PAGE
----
In support of the cost bill, Defendants submit an itemization chart for costs incurred between December 1, 2010, and March 5, 2013. The chart first identifies the transcripts for which charges were incurred and gives some additional detail, including the date, the cost, and a brief description of the transcript in question. Six entries describe deposition transcripts from nine depositions; three entries describe transcripts from three court hearings. The transcript-related costs sought by Defendants total $1, 731.67.

The itemization chart also details the costs incurred for document production and copying. The bulk of the entries, 141 of 162 total entries, are identified as "Internal Document Reproduction" and include an invoice date and the amount incurred. They contain no additional information regarding the purpose of their reproduction. These entries total $4, 427.30. The remaining entries are identified as "Special Copy" and identify a vendor as well as some information regarding the reproduced documents. Those entries are as follows:

1. 12/01/10 Copy of EEOC file, EEOC $31.05 2. 05/06/10 Response to RFPs, Busse & Hunt $429.20 3. 07/25/11 Hard drive forensic imaging, Bridge City Legal[1] $255.00 4. 07/25/11 Document production, BCL $540.86 5. 07/28/11 Document production, BCL $139.14 6. 07/29/11 Document production, BCL $113.99 7. 08/01/11 Document production, BCL $228.48 8. 08/04/11 Document production, BCL $269.96 9. 08/11/11 Document production, BCL $2, 265.28 10. 08/26/11 Document production, BCL $77.43 11. 08/31/11 Document production, BCL $159.37 12. 09/20/11 Document production, BCL $2, 499.5113. 09/27/11 Document production, BCL $1, 794.95 14. 09/30/11 Document production, BCL $132.17 15. 09/30/11 Document production, BCL $493.08 16. 10/05/11 Document production, BCL $24.23 17. 10/06/11 Document production, BCL $1, 082.64 18. 10/11/11 Document production, BCL $2, 126.27

20. 10/20/11 Document production, BCL $216.87 21. 10/25/11 Document production, BCL $68.09 SUBTOTAL: $13, 258.16 Internal Document TOTAL: $4, 427.30 TOTAL: $17, 685.46

(Rosenbaum Aff., Exhibit ("Ex.") 3.) Each of the entries 4-21 are for the conversion of documents to electronic files and the creation of a CD or DVD to house the electronic files. See Rosenbaum Aff., Ex. 3 at 1-40.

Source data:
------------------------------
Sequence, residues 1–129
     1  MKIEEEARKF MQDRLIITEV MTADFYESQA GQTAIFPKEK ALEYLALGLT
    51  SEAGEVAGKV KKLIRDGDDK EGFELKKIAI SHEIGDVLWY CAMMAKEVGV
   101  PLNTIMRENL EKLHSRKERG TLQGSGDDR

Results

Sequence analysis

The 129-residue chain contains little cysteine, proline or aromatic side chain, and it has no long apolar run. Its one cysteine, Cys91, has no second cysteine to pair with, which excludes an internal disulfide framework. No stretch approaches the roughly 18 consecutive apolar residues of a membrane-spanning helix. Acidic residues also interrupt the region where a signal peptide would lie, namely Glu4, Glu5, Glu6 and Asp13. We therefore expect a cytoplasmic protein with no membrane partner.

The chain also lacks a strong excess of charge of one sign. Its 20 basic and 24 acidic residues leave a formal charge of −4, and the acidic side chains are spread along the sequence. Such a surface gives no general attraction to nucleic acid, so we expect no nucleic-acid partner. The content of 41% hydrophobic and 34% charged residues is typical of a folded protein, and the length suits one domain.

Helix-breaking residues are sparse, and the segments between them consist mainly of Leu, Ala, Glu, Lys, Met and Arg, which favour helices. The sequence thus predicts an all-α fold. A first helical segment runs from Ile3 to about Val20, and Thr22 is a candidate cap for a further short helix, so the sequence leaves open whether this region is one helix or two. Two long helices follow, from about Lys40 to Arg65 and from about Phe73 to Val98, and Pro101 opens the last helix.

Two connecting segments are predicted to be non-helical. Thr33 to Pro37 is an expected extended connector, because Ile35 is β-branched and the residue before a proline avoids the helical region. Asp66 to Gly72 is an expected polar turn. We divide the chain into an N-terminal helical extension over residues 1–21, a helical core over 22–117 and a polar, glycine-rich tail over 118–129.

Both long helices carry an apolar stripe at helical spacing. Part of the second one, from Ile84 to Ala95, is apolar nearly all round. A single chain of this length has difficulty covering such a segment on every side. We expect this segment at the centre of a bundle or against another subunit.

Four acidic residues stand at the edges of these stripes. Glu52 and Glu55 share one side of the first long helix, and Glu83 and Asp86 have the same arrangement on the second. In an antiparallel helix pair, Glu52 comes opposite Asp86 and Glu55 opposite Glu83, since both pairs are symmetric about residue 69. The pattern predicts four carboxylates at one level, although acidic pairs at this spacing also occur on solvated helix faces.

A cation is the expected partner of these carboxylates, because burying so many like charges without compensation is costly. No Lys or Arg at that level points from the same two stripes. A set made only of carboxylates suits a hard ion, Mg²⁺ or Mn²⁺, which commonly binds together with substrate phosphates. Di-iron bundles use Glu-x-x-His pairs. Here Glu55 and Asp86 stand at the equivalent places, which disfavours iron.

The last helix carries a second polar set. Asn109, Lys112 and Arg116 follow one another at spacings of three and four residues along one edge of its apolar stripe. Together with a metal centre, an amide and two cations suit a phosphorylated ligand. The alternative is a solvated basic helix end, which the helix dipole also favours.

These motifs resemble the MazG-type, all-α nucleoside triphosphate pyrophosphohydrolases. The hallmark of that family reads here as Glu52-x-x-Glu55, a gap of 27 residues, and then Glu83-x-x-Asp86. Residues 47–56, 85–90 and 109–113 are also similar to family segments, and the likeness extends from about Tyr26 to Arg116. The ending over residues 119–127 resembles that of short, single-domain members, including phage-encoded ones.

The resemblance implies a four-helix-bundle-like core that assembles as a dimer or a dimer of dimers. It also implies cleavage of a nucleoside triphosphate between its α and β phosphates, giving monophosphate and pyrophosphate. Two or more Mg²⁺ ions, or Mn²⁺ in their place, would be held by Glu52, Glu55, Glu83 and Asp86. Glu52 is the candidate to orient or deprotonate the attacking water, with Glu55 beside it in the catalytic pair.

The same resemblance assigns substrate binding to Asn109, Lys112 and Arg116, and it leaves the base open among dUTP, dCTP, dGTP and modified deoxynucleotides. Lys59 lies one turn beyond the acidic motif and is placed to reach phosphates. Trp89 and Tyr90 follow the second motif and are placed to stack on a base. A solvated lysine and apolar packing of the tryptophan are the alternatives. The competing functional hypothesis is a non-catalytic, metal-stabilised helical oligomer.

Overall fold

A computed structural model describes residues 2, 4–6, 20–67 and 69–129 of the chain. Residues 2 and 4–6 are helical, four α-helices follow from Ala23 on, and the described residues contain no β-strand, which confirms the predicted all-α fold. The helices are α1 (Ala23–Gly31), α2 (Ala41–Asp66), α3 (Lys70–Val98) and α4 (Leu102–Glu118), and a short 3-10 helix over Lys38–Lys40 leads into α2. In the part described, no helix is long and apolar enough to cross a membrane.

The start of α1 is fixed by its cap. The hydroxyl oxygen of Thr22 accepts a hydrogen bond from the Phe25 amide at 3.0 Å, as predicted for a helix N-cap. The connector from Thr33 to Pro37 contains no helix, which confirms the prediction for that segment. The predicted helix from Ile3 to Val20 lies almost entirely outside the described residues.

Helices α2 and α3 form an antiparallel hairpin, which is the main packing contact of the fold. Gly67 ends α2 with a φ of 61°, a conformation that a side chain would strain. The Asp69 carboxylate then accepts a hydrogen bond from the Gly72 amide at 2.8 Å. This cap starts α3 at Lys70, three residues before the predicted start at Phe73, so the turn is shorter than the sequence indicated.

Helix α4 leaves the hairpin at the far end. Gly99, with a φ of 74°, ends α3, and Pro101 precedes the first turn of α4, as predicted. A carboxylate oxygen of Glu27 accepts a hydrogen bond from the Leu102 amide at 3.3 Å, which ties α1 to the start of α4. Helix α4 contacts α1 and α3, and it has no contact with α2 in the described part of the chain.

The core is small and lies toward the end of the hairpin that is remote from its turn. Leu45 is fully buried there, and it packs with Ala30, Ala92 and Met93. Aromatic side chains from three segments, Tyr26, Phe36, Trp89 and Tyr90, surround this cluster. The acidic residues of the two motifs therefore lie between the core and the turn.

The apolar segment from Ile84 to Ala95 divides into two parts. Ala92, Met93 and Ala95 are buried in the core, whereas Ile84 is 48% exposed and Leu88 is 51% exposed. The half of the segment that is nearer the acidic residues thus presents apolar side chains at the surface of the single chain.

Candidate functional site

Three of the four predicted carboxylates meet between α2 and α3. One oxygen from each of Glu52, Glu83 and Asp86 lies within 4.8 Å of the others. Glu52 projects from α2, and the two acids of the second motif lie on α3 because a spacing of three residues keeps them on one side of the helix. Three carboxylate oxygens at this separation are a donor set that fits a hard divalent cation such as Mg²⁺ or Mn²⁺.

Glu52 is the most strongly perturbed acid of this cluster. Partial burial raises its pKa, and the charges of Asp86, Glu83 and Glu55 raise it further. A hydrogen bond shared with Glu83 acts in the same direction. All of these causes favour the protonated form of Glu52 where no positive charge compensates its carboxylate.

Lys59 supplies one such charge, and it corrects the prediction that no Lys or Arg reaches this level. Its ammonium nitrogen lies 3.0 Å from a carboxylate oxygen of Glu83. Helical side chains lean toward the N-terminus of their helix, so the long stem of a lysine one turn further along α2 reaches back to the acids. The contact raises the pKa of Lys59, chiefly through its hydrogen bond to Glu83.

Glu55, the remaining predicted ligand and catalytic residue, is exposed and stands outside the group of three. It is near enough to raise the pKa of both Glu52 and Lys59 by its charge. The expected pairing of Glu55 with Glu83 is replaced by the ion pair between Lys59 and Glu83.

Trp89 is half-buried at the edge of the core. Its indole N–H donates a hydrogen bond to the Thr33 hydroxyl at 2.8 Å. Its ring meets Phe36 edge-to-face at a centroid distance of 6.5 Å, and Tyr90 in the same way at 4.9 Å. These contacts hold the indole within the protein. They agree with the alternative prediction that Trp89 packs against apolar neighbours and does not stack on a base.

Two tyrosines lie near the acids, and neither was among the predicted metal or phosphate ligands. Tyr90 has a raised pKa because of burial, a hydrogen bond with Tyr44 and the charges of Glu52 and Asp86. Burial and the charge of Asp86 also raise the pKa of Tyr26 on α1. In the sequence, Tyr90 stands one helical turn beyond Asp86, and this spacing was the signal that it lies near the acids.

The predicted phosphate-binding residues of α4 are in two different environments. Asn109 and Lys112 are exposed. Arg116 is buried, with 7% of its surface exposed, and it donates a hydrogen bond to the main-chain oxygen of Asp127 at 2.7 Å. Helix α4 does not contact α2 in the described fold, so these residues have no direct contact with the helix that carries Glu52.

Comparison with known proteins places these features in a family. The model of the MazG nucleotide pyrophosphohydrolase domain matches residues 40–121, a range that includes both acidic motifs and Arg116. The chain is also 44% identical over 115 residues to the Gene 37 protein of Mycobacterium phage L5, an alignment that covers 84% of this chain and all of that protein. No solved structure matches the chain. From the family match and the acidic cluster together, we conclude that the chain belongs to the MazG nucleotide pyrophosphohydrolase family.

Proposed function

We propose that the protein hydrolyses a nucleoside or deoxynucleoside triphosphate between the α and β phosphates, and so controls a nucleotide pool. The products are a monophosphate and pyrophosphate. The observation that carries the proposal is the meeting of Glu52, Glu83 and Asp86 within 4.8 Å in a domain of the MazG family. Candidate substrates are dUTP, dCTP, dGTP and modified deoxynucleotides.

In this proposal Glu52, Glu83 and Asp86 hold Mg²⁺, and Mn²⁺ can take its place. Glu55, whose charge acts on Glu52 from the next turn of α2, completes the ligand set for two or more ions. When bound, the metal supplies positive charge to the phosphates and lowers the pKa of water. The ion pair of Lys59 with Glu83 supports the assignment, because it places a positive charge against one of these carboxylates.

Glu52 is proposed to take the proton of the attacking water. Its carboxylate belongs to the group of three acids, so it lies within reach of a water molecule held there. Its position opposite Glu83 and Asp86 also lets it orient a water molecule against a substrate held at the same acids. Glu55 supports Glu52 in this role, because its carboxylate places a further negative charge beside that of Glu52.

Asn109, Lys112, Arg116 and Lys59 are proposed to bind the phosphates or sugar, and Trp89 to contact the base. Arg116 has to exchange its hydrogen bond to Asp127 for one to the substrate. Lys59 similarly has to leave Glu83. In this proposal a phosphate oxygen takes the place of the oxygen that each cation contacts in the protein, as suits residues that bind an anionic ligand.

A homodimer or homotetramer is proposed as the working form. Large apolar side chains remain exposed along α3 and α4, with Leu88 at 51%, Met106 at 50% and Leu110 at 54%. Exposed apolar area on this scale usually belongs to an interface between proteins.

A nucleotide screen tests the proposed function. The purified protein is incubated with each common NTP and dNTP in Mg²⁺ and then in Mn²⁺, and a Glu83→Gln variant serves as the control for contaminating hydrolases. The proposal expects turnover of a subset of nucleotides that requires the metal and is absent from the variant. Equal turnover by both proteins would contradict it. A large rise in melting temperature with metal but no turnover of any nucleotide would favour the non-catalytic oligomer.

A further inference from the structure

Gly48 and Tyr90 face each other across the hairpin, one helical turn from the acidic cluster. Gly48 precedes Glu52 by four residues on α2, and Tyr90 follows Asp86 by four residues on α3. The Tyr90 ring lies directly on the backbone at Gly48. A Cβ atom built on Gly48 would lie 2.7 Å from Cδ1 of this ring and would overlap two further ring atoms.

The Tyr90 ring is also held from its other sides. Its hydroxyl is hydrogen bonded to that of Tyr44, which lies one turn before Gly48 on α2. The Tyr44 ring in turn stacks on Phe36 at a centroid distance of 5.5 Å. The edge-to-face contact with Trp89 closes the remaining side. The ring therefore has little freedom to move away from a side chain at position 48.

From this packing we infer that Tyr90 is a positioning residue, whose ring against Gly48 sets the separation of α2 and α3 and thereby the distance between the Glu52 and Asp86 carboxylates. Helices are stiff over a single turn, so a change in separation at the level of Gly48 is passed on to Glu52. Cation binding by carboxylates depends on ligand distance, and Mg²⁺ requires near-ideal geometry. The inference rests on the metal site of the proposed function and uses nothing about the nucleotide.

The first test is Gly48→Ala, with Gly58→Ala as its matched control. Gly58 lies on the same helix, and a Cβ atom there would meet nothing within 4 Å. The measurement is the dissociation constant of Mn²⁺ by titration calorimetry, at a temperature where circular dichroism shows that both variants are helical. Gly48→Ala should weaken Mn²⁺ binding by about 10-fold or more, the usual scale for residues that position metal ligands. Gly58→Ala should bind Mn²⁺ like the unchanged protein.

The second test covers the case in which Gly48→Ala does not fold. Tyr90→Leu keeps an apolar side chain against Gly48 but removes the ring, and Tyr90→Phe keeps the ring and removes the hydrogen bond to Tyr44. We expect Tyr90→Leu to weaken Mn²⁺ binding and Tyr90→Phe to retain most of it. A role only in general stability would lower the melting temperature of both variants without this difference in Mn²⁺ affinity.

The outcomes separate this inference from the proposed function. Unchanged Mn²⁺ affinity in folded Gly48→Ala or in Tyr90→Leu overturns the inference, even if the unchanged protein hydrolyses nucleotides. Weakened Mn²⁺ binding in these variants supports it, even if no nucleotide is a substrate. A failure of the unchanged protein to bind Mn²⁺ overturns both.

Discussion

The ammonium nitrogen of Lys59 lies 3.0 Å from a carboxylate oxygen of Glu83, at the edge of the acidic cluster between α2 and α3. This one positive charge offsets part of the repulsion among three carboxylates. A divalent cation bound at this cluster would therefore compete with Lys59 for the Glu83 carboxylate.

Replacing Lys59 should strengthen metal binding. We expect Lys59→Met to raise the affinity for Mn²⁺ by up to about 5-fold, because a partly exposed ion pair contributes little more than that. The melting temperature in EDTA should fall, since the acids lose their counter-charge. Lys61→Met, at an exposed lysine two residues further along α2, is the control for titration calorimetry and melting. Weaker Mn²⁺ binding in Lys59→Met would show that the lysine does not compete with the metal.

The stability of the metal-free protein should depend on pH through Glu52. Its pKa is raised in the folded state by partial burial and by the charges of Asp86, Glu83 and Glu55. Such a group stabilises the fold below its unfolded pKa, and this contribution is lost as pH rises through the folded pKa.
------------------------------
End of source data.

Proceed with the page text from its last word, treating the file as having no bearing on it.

I. Deposition and Hearing Transcripts

Under section 1920, a prevailing party may recover fees for "printed or electronically recorded transcripts necessarily obtained for use in the case[.]" 28 U.S.C. § 1920(2). "Depositions are necessary' if introduced into evidence or used at trial for impeachment or cross-examination." Arboireau v. Adidas Salomon AG, CV-01-105-ST, 2002 U.S. Dist. LEXIS 20342, at *5 (D. Or. June 14, 2002).

A. Deposition Transcripts

Defendants seek fees for transcripts of the depositions of Ranza, Stephen Conroy, Gerard Rogers, Gaetano Sodo, William Mullen, Roland Paanakker, Ann Miller, Simon Kemmet, and Don Ellwein, all of whom are involved in the lawsuit in their capacity as current and former employees. The costs associated with the deposition transcripts total $1, 224.37 and, notably, Ranza did not raise an objection to them in her objections to the cost bill.

All but three of the depositions were taken prior to the hearing on the motion to compel and the final three - Miller, Kemmett, and Ellwein - were taken approximately one month after the hearing. In light of the highly factual nature of the issues analyzed at the dismissal stage, and because of the broad scope of Ranza's discovery request, the court concludes that these transcripts were necessarily obtained for use in the case. Accordingly, the costs associated with the deposition transcripts should be awarded to Defendants in the amount of $1, 224.37.